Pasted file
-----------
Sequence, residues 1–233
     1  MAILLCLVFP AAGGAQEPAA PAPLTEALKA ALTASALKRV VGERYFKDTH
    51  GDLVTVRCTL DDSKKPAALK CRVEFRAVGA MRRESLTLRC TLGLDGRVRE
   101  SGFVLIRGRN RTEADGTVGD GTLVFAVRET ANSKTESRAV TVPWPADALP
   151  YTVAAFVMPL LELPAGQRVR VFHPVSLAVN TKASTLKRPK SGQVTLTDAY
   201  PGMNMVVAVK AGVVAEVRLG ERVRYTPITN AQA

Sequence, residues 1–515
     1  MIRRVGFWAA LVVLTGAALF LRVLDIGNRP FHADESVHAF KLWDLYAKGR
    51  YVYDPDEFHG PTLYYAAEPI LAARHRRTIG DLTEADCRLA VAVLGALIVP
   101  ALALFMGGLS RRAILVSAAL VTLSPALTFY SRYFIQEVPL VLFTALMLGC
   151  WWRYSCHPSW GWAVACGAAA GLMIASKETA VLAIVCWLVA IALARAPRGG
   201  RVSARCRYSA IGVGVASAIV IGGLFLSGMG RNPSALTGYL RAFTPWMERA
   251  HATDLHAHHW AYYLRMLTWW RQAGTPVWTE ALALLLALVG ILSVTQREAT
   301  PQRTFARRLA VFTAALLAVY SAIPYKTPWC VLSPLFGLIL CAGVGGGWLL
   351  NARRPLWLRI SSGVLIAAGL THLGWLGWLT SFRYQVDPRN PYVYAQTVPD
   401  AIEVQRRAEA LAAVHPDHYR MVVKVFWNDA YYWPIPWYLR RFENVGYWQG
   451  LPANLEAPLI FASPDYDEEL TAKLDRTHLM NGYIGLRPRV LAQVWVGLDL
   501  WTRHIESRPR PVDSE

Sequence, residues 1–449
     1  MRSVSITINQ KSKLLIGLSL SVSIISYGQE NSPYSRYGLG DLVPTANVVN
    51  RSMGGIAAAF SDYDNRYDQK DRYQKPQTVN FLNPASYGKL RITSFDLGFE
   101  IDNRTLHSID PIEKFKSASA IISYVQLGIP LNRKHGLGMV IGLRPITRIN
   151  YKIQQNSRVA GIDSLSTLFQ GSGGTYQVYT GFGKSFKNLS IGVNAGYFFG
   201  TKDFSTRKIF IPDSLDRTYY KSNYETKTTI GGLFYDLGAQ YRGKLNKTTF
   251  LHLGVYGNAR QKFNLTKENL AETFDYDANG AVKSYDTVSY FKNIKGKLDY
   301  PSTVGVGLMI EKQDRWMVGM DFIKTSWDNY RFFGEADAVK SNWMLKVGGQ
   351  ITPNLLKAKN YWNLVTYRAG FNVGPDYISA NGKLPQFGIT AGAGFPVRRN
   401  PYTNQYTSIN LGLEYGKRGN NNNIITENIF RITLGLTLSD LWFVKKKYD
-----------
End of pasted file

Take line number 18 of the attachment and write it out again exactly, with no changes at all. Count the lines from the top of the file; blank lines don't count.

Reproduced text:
   501  WTRHIESRPR PVDSE